3. This monohull - multihull controversy is pretty old. From Wikipedia: Amaryllis was a catamaran sailboat designed by Nathanael Greene Herreshoff and launched in 1876. It was notable for its significant victory in the 1876 New York Centennial Regatta, which resulted in multihull sailing vessels being banned from organized sailing competitions.[1] Ironically, Herreshoff was later to become a celebrated monohull designer.[1] Amaryllis was succeeded by a second catamaran vessel, Tarantella.[1] It is said that prejudice against multihulls resulting from Amarayllis' superior performance was only overcome by Victor Tchetchet much later in 1946.
  4. Those images of Jost are heartbreaking.
  5. Yes. Need to have an arrangement where clubs own them or you get the boat of the person who crashed yours.
  6. Remove the mast and add another level.
  7. Swapping boats, not keels, would solve the problem. That's what happens in one design collegiate racing.
  8. Yep. The bridgedeck slams even in the Chesapeake chop. But I think the concept is valid and, with improvements, should make for a well-performing and comfortable catamaran. Keep the 14 foot beam so it fits in a standard slip. Keep the extendable foils for upwind sailing and shallow draft. Keep the retractable drive leg(s) but improve the mechanics. Raise the bridgedeck or eliminate it with tramps. Other ideas?
  9. Wow. Does it do as well to starboard? What's the righting moment?
  10. Here's a surprising success. Tony Smith and son sail their Gemini 105 MC across the North Atlantic through gales. It's also a good choice for the Chesapeake, IMHO, where it was born. Shallow draft, fits in a standard 14 foot slip, good performance off the wind and acceptable upwind with centerboards. The new models suck upwind with fixed stub keels. Someone should revisit the original concept and improve it.
  11. The energy doesn't leak out of the earth immediately. It's just transformed from warm water locally to warm air or warm debris somewhere else. The cold trail is just because energy was removed from that local spot by the hurricane engine. To leak out of the earth requires radiation or atmospheric loss which does occur but not necessarily due to hurricanes.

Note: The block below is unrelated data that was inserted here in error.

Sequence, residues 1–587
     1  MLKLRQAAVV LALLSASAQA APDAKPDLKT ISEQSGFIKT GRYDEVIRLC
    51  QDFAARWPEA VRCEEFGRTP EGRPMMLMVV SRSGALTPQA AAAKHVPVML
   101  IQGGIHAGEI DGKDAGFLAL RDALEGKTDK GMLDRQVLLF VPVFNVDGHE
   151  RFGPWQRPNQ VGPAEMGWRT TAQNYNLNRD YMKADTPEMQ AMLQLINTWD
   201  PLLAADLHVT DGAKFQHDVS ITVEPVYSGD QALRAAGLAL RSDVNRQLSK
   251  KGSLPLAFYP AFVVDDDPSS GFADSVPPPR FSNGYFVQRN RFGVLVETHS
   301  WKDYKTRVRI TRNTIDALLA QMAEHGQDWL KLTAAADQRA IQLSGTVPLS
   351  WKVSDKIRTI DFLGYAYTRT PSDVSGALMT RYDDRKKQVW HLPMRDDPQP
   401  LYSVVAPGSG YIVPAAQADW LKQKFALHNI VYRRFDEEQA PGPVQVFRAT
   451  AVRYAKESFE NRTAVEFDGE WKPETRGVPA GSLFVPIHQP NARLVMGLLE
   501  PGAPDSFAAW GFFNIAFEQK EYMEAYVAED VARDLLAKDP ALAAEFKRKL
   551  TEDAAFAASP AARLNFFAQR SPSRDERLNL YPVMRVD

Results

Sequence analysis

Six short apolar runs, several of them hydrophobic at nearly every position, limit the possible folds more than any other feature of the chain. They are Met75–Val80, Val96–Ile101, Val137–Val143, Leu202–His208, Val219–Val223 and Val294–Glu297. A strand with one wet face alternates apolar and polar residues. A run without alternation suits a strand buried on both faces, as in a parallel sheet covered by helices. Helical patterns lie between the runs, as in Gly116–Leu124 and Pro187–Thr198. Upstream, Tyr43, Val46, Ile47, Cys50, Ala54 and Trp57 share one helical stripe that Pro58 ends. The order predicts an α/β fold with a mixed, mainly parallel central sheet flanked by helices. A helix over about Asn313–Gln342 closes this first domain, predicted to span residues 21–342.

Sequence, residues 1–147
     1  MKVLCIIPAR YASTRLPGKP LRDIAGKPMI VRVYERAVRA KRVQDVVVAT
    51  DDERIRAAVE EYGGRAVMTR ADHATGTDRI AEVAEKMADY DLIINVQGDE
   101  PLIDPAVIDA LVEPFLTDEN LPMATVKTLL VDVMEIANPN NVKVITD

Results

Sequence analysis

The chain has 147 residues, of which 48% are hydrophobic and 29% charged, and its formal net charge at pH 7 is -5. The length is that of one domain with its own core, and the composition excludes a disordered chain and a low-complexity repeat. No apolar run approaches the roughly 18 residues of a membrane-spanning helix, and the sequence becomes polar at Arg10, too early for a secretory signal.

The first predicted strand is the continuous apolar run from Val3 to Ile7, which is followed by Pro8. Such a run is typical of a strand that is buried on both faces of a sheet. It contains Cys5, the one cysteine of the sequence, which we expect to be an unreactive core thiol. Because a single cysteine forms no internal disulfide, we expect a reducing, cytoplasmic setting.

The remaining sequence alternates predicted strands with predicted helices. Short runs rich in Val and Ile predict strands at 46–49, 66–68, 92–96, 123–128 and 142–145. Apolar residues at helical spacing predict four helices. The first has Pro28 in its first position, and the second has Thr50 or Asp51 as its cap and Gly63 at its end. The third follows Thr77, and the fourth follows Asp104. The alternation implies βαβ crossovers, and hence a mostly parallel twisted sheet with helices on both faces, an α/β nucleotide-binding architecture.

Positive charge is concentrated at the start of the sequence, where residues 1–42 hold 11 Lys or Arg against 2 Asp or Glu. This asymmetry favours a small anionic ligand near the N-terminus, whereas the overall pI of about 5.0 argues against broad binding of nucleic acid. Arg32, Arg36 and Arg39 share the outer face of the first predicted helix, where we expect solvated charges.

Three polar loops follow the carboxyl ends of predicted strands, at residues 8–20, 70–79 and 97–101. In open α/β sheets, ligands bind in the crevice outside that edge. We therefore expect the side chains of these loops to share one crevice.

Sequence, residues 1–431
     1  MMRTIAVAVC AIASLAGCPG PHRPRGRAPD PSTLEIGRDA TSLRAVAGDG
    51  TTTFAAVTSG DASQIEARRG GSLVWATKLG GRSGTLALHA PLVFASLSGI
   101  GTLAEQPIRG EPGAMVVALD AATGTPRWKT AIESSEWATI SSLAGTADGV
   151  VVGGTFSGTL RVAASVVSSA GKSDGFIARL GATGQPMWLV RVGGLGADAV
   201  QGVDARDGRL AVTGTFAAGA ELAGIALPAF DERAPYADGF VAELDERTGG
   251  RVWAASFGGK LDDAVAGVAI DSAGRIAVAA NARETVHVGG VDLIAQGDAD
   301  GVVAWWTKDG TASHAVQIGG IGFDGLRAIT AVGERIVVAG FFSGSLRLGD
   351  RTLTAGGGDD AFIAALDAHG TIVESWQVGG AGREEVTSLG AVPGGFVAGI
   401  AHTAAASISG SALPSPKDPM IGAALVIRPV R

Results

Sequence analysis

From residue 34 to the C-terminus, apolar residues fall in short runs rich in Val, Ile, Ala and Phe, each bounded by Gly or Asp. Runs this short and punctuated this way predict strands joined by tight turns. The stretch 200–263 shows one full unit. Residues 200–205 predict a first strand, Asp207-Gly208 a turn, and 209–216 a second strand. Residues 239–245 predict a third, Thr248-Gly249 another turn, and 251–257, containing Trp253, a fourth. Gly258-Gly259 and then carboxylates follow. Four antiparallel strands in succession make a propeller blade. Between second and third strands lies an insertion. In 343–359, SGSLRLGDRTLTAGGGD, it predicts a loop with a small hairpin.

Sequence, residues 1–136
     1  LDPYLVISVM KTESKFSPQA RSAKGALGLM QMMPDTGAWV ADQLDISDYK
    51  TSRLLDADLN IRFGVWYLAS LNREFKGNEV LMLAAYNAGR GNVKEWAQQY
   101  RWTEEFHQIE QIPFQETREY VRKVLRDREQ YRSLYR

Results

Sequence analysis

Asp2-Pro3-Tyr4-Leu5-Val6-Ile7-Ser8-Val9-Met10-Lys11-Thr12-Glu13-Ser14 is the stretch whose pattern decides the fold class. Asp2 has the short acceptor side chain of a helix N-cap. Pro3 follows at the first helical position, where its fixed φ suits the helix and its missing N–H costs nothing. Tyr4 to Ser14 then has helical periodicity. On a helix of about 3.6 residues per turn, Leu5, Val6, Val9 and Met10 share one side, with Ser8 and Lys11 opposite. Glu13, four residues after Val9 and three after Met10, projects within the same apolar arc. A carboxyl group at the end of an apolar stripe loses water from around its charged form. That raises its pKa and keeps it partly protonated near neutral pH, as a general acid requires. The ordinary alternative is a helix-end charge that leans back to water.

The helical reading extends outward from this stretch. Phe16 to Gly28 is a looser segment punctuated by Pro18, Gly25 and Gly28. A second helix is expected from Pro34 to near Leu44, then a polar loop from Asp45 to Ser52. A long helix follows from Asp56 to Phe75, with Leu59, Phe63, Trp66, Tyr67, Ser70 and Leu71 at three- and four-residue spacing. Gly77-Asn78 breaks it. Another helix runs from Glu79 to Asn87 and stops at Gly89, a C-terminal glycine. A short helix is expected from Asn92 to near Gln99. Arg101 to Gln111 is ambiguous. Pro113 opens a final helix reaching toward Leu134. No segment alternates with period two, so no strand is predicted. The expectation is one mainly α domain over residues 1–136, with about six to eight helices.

12. This question was lost in the shitstorm but the answer might get this thread back on the science track. I'm not a meteorologist so I welcome corrections but here's what I think. Energy in a hurricane comes mostly from warm surface water. The water vapor is sucked into the vortex and gets dissipated as rain up high because forming raindrops releases the heat of condensation. This keeps the hurricane going. Cooler water and air up high is left in its wake like a heat engine. Some of the energy is dissipated as friction with the air and water. When it gets over land, much more friction from lifting, accelerating, and banging stuff together dissipates more energy and the lack of warm water reduces the energy available to keep the hurricane alive. This is like a car slowing down when you take your foot off the accelerator because friction from tires and axles (which get hot) dissipate the energy of the car's motion. So, the way I see it, the warm water energy is used to keep the hurricane going and also gets dissipated as friction. The hurricane 'engine' may 'detune' due to wind shear and other conditions. The balance between engine output and friction determines whether the hurricane grows or wanes much like whether a car speeds up or slows down.
  13. Lifting keel looks like a great choice for SW FL. Would also be great in the Chesapeake.
  14. I'm not a meteorologist but I think most of the energy comes from warm surface water. It gets dissipated through wind friction with air, land and sea, I believe. The hurricane leaves behind an area of cooler water as it moves. Someone with more specific knowledge should chime in.